The above wee ditty……it is a little (or a lot) cheeky, right? I’m not sure I’ve ever done that to complete strangers….but if you promise to not tell the PC Police, I’ll admit to saying it to family members on the odd occasion…..all in the name of teaching manners. Of course. You’re welcome.
The above wee ditty got me thinking.
That’s almost always never a good thing.
You see I often tell my boys that ‘manners maketh a man’ and that ‘manners make the world go around’. With my work in customer service I’m on the front-line as far as manners goes…..and I’ve noticed that most people respond really well to being thanked and spoken pleasantly too. That’s nice. Of course there are always some members of the public who make a memorable impression for all the wrong reasons, but I honestly think that if you’re proactive with your pleasantries, then there isn’t a lot of room left for nastiness.
I’ve also been thinking about culture and those things that are buried deep down in a people group. I’ve lived in four different countries and have found that each place has had many cultural differences from what I had previously known, and these cultural differences take years to learn, understand and sometimes even appreciate. But they are exciting, and valuable and each play an important role in their people group.
Just as people groups do have cultural ‘things’ that are intrinsically theirs, I do wonder if sometimes we accept certain behaviours and happenings that we don’t agree with, because we label them as possibly being a ‘cultural thing’ or a thing that just can’t be changed. When really maybe we forget that we, ourselves, have the ability to change a situation by how we carry ourselves and by what we carry in us.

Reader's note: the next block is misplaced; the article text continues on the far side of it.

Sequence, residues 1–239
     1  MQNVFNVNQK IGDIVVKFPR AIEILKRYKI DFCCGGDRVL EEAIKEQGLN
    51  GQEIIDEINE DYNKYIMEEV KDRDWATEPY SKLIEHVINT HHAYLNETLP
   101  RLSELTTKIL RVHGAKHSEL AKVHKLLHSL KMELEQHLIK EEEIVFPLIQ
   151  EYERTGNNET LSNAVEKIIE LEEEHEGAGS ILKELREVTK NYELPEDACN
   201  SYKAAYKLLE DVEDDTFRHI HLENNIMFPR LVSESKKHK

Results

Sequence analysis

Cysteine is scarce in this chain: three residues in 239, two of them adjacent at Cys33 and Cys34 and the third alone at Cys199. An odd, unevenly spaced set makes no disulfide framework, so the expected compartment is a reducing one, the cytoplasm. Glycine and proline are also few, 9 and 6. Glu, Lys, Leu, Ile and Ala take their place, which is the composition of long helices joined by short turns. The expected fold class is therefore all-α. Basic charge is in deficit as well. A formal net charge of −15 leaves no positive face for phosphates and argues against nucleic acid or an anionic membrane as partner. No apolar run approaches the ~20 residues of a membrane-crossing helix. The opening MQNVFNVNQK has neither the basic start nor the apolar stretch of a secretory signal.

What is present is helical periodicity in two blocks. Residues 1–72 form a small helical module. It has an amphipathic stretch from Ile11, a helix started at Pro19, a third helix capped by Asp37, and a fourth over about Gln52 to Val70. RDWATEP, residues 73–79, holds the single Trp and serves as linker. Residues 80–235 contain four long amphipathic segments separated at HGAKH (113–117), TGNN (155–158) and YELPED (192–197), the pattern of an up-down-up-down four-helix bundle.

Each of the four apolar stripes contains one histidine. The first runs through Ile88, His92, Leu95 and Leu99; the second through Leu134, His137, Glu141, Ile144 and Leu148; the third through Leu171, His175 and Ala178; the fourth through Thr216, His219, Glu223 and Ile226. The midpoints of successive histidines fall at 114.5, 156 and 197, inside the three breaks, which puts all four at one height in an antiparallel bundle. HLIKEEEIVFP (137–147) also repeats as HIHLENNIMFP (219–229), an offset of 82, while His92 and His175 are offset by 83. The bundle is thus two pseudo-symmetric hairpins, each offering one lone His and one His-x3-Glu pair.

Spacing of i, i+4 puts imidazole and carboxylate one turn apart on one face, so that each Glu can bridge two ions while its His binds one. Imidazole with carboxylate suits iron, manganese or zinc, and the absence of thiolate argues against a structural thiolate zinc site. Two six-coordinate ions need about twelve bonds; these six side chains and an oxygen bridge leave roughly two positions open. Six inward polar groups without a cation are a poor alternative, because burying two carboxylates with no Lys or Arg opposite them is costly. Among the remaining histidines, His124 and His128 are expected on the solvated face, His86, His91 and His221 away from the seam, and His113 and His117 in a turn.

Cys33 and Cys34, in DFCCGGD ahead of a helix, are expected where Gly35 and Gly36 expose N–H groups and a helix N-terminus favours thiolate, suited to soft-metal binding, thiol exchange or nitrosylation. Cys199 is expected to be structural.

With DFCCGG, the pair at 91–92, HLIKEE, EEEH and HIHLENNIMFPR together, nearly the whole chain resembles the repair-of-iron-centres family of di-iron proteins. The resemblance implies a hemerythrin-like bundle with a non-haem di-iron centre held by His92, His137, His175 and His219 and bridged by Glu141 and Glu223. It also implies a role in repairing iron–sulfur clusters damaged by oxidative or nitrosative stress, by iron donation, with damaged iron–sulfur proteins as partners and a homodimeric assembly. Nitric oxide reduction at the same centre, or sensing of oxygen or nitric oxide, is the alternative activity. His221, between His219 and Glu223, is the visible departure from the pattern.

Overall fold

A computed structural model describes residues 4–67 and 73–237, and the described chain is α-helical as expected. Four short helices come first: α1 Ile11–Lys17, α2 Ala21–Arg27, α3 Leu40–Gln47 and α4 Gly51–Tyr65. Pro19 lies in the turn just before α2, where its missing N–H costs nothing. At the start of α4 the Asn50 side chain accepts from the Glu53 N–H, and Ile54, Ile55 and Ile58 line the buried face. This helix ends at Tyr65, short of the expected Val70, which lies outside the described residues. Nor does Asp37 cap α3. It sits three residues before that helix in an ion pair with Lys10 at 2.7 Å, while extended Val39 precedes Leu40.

I think we can easily forget that we can change the atmosphere in a situation. We can set the thermostat in our homes and workplaces. We don’t have to settle for less than pleasant. Sometimes this isn’t easy, sometimes this means we’re reacting in a polar opposite way to a situation than how we’d naturally like to react, but we have this uncanny ability to do so. If we choose.
As a person who chooses to follow Christ, I do believe that I can pray to God and ask for wisdom when I need it. And I always need it. I can pray for patience when I need it. And I always need that too. More love? More peace? More self-control? Yep, yep and yep. I’m a work in progress for sure, but that ‘work’ means that I can change situations, I get to set the thermostat.
And that ‘work’, that’s the stuff that makes life all that much better. All that much more peaceful. All that much more rewarding.
Today I was with some friends and we had the privilege of singing some worship songs with a dear soul who doesn’t have much longer here on this earth. I’m certain that as we sang (thankfully the others can really SING, cos I certainly can’t), the atmosphere in that room changed. Comfort entered in. We changed the thermostat.
This afternoon as one of my little boys sobbed his heart out because of a disappointment, his teacher was able to reassure him of his value as she gave him genuine words of encouragement. She was able to speak hope into that troubled little heart, because of what she carries in her, because of WHO she knows. She changed the thermostat.
Tomorrow, as I deal with Joe Public all day long, I can offer him more than what he came into my workplace for: I can offer him a genuine smile, a listening ear and a heart that cares, because what I have to offer him is the stuff that changes things. Its the stuff that brings hope to the hurting and relief from the striving. Its that stuff that’s called the presence of God. And the presence of God can change situations. Big and little situations, all day and every day. This I believe, because this is what I know to be true. I can set the thermostat.
That’s the ticket, that’s the stuff. What a holy privilege.